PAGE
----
For third year running, UK firms have fallen behind their European counterparts when it comes to managing and responding to information risk.
UK mid-market firms were given a score of 55.9 out of 100 this year in the latest Information Risk Maturity Index from security firm Iron Mountain and global business consultants PwC.
This puts them far behind leading European country Hungary, which had a score of 60.2, and is not not much improvement from last year’s UK score of 55.4.
Despite a string of high-profile data breaches and upcoming reforms to EU data protection legislation, businesses appear to have reached a plateau and may not be fully equipped for cyber security risk.
‘UK firms have some way to go if they are to catch up with their European counterparts,’ said Phil Greenwood, commercial director at Iron Mountain. ‘For the third year running they have failed to match the average European score. It is critical that companies address this if they are to adopt a responsible-yet-proactive approach to information risk and value, not just to protect the business, but to help it thrive.’
Based on the findings of the Information Risk Maturity Index, Iron Mountain has identified a set of steps and actions to help businesses improve their data security.
This includes making information risk a boardroom issue by ensuring that it is a permanent point on the board’s agenda, that there is a senior individual on the Board responsible for it, and that it is embedded into how the Board monitors overall corporate performance.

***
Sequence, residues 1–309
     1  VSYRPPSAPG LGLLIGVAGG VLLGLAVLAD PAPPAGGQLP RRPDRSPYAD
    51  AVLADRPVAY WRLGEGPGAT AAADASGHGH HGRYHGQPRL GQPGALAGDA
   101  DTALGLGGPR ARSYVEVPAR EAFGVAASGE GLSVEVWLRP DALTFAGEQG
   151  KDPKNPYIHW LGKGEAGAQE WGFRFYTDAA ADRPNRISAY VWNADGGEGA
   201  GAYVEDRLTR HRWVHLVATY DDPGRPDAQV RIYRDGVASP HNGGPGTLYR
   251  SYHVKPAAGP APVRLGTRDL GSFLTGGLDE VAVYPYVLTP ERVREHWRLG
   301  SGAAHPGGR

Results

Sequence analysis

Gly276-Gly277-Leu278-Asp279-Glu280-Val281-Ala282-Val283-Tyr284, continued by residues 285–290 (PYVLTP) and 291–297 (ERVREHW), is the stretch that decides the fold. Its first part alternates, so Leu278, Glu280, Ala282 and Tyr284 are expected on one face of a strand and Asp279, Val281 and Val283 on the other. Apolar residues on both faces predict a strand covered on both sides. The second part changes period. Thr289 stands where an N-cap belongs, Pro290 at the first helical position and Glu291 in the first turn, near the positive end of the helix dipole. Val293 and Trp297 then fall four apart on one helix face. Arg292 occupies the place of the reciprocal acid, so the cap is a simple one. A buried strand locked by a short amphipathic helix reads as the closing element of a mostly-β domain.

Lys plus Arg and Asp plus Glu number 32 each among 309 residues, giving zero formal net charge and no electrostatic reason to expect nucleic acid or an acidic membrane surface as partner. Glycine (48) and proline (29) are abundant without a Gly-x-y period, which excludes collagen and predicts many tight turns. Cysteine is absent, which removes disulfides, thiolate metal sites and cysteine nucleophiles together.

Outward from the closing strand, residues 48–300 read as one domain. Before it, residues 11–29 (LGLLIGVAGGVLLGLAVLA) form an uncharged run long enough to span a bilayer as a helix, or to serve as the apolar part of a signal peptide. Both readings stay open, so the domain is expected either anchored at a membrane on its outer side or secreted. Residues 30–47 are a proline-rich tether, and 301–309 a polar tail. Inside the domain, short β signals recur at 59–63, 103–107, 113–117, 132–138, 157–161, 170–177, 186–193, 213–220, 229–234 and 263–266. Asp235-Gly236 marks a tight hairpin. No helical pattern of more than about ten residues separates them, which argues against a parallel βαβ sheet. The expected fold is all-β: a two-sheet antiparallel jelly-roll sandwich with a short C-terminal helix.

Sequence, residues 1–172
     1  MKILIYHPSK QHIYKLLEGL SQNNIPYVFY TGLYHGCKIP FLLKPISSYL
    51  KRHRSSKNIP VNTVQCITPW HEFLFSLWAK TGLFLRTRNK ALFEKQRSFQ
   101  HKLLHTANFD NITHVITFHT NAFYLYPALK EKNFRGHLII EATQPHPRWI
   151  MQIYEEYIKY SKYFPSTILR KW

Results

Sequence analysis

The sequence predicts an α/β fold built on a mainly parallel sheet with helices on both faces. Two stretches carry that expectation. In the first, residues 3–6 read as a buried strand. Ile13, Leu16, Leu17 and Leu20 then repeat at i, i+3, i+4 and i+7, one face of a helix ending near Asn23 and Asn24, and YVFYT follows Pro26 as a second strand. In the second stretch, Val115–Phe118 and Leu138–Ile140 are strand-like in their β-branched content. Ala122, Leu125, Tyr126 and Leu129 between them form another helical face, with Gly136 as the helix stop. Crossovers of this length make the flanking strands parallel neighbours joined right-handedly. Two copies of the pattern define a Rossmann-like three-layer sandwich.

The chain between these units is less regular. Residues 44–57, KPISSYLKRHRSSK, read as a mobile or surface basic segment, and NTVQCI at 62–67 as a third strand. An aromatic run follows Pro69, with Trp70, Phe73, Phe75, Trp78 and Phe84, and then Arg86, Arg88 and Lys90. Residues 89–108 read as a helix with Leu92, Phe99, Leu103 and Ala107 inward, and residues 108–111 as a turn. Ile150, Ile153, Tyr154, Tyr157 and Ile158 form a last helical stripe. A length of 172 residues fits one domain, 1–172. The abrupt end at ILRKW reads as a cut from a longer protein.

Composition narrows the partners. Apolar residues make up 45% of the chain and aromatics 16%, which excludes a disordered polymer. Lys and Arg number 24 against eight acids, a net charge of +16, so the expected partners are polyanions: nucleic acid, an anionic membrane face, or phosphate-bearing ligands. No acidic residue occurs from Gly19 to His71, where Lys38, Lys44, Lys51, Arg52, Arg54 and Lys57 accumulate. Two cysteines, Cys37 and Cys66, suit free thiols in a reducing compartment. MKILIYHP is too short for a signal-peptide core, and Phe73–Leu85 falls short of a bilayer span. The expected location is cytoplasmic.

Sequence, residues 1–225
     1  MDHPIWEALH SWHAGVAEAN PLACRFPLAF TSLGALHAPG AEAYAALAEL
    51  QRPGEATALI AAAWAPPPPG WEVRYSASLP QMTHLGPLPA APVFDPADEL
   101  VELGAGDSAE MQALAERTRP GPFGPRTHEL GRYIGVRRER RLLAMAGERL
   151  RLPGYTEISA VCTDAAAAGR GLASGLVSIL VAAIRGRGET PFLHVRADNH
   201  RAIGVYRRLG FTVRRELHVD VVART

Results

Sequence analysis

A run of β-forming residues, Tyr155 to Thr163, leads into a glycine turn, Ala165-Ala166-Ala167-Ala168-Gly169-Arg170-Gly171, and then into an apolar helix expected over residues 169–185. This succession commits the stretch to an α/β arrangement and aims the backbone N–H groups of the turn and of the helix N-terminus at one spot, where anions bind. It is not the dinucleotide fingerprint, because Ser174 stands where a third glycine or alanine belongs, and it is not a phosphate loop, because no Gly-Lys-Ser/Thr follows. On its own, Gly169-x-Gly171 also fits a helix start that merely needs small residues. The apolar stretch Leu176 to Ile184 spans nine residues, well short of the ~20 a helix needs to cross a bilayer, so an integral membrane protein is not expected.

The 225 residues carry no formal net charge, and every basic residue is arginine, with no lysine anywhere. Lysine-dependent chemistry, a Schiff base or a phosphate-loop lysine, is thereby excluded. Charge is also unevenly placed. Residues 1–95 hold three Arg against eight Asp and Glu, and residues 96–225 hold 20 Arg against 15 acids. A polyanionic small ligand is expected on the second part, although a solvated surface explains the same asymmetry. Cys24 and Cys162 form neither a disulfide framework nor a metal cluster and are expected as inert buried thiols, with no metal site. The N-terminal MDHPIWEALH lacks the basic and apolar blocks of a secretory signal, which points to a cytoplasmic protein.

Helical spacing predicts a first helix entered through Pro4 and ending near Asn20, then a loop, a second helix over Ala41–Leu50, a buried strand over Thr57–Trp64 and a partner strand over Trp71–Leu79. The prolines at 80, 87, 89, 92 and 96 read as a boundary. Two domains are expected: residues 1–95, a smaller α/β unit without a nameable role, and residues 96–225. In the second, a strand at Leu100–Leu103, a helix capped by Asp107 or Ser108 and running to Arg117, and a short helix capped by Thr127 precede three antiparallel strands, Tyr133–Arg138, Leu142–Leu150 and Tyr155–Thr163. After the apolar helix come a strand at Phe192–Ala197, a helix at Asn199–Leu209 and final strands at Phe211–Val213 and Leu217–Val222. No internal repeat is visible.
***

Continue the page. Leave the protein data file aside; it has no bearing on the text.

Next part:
It also advises a change in workplace culture, and stresses the importance of designing and delivering information security awareness programmes, having the right guidance available for every person at every level, and rewarding and reinforcing good behaviours throughout the organisation, from the most junior to the most senior employee.
Lastly, businesses need to put the right policies and processes in place – and ensure these cover all information formats (electronic, paper or media). Also, it is important to define any vulnerabilities relating to manual information handling, establish whistle blowing protocols, and review and test all systems and processes on a regular basis.